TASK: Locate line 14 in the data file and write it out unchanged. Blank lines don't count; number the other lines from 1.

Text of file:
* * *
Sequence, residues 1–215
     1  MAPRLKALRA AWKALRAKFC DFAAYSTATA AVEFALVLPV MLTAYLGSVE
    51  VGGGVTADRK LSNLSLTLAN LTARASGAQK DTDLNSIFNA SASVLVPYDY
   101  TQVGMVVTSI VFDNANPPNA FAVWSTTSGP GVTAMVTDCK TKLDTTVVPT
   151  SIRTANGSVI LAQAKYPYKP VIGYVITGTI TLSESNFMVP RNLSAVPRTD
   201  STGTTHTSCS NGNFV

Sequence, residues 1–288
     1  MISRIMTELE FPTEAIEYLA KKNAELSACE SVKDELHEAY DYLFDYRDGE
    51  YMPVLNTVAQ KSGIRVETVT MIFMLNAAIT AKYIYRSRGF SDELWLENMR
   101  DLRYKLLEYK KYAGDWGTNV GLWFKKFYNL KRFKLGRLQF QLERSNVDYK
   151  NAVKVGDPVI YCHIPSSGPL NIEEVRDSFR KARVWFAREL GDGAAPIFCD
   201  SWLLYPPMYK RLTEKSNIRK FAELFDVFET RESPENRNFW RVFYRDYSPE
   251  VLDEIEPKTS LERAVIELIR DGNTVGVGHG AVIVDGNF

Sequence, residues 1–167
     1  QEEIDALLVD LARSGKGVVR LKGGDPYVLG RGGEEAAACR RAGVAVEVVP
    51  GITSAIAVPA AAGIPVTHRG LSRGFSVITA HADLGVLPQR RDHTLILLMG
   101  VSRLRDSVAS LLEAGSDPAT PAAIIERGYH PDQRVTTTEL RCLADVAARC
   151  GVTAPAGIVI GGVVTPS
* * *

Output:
Sequence, residues 1–167